The study by the National Center for Atmospheric Research suggests the reduced stream flow potentially threatens future supplies of food and water.
The scientists, examining stream flow from 1948 to 2004, said they found significant downward changes in about one-third of the world's largest rivers, including the Yellow River in northern China, the Ganges in India, the Niger in West Africa and the Colorado in the southwestern United States.
In contrast, the scientists reported greater stream flow over sparsely populated areas near the Arctic Ocean, where snow and ice are rapidly melting.
"Reduced runoff is increasing the pressure on freshwater resources in much of the world, especially with more demand for water as population increases," said NCAR scientist Aiguo Dai, who led the study. "Freshwater being a vital resource, the downward trends are a great concern."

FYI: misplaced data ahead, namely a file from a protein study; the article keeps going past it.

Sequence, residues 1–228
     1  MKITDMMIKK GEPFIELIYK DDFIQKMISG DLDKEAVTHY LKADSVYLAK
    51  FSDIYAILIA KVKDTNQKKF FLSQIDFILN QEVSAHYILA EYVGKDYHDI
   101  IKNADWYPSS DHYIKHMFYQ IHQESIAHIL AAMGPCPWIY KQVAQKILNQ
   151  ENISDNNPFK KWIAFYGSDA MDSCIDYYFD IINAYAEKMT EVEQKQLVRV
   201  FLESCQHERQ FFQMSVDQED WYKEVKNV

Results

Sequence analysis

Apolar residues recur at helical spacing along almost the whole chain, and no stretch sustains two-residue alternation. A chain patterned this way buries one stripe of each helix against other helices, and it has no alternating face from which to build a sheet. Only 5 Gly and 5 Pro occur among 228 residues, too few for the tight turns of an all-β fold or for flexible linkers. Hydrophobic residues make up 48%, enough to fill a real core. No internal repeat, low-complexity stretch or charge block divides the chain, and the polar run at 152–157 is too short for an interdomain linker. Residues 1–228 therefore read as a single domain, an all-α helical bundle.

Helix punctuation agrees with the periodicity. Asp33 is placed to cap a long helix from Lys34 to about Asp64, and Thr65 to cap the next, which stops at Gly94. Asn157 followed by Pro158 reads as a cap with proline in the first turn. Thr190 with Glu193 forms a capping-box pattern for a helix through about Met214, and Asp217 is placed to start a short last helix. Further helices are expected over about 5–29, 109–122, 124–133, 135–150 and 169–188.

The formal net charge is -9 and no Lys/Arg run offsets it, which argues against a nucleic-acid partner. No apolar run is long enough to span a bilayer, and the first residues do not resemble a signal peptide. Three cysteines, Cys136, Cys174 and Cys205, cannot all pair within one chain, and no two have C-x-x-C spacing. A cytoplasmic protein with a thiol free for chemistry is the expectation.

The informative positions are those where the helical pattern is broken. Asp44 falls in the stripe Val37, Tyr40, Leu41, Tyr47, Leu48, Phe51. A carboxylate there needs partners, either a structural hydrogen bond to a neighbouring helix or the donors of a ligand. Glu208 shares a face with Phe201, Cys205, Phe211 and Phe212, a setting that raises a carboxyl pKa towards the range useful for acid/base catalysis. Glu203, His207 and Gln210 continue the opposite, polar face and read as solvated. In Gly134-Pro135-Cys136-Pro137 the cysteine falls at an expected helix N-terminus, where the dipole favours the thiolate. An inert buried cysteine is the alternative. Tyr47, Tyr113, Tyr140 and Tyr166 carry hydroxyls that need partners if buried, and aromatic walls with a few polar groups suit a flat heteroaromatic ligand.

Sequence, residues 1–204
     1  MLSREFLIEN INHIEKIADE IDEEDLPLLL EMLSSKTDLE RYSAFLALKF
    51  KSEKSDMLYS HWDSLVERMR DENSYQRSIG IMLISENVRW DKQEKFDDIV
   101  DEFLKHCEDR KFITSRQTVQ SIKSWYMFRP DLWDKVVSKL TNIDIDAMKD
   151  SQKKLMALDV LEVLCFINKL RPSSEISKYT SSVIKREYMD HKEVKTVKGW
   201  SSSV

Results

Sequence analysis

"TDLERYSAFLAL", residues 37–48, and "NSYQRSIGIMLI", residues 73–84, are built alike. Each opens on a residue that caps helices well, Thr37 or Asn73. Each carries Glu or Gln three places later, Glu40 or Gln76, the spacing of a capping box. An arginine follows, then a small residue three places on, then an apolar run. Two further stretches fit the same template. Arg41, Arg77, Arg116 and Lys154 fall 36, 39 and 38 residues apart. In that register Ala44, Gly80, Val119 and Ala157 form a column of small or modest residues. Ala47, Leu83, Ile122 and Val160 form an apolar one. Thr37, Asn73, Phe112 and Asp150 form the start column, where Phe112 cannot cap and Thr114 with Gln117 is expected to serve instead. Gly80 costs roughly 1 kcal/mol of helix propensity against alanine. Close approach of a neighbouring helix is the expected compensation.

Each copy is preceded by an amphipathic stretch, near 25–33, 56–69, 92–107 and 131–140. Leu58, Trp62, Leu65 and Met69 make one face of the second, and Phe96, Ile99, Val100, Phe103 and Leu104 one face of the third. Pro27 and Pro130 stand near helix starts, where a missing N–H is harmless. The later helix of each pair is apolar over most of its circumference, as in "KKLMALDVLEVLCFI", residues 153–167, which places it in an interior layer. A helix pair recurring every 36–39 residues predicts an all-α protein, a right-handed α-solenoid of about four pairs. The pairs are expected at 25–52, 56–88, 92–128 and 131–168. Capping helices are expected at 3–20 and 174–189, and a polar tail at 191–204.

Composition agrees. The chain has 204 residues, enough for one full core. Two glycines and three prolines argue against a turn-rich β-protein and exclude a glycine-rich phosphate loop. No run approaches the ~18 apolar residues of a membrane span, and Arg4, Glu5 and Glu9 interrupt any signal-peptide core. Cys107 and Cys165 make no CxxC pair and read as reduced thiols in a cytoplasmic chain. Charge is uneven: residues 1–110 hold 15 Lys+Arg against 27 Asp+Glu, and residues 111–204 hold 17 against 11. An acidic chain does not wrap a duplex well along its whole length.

Although many factors can affect stream flow, the scientists said reduced flows in many cases appear linked with global climate change, which is altering precipitation patterns and increasing evaporation.
The research will appear in the May 15 issue of the American Meteorological Society's Journal of Climate.
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